Category Archives: Recommended reading
It has been a few years in the making (from the first conceptual idea to publication) but the baby has been delivered and is now available at CRC Press.
I recently came across the following document by Professor Alan M Johnson, which appears to be distributed freely by Elsevier and entitled “Charting a Course for a Successful Research Career: A Guide for Early Career Researchers – 2nd edition“.
Just completed the reading of the book the Art of Explanation by Lee Lefever. I must admit that although I really like Nancy Duarte’s duo Slide:ology and Resonate, Lefever’s book does focus on concepts that are also not that well covered in the other books. In particular, knowing your audience: to whom are you presenting and for what purpose.
Enjoy: The Feynman Lectures on Physics.
One must give credit when due. Organizing Creativity’s Daniel Wessel pointed out to me on the previous blog post “Time to go analog” that this concept of starting your presentation as an analog process gets a full chapter (Chapter 3) in a book entitled Presentation Zen by Garr Reynolds.
Seth Godin has written an very interesting (and free) manifesto about the US school system (though the birth of Canada school system is very similar in origin): Stop Stealing Dreams. The book is very well written and will take only a few evening to get through.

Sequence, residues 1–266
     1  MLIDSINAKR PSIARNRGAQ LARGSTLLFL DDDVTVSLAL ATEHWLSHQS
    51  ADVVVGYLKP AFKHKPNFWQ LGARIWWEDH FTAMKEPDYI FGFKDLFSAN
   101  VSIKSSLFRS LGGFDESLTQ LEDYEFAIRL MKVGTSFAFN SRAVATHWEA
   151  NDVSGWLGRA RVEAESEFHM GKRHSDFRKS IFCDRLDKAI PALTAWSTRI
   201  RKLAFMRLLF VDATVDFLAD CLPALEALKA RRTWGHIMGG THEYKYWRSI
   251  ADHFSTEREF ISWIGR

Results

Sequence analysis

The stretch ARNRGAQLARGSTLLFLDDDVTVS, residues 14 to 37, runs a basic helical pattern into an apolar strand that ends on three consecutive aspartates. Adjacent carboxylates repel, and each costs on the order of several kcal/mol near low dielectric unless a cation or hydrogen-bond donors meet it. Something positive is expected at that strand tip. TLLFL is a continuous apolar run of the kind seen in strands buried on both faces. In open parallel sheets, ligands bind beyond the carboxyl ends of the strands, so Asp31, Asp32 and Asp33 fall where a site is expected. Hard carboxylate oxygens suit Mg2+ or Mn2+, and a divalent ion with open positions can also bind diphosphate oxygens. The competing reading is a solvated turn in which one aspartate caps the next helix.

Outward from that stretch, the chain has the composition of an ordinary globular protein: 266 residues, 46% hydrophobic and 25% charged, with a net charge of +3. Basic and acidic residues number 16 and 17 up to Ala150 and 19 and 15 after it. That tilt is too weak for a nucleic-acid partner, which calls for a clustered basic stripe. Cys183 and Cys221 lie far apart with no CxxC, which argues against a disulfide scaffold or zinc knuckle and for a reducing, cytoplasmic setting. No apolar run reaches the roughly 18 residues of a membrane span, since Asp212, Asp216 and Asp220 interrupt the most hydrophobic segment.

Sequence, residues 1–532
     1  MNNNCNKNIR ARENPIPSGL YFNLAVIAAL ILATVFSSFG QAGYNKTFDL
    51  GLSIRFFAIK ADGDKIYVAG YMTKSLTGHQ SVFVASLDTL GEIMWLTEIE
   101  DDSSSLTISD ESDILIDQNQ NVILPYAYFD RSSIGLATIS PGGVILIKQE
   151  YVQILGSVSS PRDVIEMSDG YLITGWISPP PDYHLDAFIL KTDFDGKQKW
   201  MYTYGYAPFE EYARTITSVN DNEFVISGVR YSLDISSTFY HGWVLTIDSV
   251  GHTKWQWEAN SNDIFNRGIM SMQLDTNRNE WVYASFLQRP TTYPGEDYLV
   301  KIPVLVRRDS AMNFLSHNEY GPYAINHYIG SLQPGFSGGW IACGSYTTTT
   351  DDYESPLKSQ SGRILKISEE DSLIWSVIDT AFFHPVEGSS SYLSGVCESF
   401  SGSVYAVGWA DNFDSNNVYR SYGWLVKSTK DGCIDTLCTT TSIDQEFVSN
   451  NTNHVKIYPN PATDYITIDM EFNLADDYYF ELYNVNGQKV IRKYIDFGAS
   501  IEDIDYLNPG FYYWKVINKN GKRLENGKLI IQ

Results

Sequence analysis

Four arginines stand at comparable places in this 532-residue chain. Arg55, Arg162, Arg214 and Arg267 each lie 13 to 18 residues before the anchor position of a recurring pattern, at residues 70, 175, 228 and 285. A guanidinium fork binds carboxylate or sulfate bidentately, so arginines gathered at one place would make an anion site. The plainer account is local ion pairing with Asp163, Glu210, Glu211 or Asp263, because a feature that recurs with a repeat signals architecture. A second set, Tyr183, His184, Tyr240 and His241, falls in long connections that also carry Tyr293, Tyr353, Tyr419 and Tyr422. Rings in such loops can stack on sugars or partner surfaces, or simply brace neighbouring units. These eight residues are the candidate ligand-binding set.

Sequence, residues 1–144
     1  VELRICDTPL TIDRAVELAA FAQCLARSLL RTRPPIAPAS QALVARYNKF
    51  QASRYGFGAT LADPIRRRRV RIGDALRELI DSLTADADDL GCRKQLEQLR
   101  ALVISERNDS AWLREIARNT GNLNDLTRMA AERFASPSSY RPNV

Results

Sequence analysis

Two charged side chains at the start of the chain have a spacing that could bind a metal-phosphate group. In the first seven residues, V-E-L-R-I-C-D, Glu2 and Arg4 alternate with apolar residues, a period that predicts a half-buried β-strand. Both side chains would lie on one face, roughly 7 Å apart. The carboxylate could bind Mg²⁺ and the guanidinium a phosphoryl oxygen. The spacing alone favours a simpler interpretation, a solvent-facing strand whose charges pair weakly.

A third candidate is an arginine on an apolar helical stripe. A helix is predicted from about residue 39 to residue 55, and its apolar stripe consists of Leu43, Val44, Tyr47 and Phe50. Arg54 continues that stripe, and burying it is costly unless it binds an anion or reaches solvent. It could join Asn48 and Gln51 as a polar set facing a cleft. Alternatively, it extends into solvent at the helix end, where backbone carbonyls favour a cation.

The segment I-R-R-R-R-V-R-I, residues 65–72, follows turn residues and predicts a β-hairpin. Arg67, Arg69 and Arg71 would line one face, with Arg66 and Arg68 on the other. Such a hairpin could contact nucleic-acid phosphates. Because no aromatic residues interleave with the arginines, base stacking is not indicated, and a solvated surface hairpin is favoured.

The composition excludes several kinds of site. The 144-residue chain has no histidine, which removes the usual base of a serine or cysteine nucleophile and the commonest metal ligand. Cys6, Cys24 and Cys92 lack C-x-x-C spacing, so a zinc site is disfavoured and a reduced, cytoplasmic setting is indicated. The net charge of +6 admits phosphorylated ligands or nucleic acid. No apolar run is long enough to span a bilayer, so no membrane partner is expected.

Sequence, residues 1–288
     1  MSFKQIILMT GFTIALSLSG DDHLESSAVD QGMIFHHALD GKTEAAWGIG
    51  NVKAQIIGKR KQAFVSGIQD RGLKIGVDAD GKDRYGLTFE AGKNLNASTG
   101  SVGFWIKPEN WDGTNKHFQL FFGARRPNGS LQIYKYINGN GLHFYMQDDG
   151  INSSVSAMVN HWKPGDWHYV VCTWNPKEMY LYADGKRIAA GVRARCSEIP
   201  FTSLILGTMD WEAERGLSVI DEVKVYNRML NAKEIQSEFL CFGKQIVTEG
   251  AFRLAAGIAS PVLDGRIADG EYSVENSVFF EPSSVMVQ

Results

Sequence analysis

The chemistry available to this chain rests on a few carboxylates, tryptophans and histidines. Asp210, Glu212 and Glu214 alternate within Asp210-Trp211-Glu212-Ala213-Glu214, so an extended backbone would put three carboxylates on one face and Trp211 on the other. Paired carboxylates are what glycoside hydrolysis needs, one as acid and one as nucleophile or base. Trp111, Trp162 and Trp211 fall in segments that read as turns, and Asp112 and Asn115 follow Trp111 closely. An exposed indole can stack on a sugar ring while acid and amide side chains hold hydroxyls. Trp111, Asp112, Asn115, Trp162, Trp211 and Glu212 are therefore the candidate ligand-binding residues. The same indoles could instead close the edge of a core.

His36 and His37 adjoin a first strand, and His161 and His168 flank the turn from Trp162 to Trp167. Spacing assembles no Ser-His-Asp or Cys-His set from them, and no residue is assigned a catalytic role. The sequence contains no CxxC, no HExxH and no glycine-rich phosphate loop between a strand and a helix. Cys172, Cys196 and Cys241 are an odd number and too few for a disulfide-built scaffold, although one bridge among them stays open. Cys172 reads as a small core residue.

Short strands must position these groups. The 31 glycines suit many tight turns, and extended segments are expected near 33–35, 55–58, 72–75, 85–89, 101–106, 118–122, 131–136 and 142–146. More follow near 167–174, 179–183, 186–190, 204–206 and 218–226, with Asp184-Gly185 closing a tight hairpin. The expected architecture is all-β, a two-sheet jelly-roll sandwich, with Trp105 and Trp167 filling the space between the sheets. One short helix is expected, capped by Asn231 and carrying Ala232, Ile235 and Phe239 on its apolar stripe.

Many instances had me stop reading and ponder. The example of LEGO (item 51 in the book) is something me, friends and colleagues have been discussing for a while; it is the concept of pre-made LEGO model which comes with instructions. It removes much of the creative process and turns the fun of doing LEGO into a purely technical step-by-step process. Generic LEGO are clearly missing (not to say that the new LEGO cannot be fun).
Similarly, I found more than often very bright students finishing their undergrad studies with extremely good grades but in a situation where they are unable to to function in graduate school because the “questions” are not given to them: they now have to ask their own questions and also find the answers. These students had become extremely proficient at performing on “imposed” questions with very clear answers such as exams, finals and so on, but are lost when they have to tackle a much less rigid projects (e.g. a PhD thesis).
The majority of graduate students that I had the chance to supervised (yes I consider student supervision as a core mission of being a researcher and university professor) have this spark in their eyes. Creative thinking is usually not the biggest problem they will face. In fact, for most of you getting tons of ideas is rarely the issue. Selecting, focusing and successfully bring one or a group of ideas to completion (meaning scientific publication most of the time) tends to be critical issue. As Vince Lombardi once said: “if you don’t keep score its just practice”.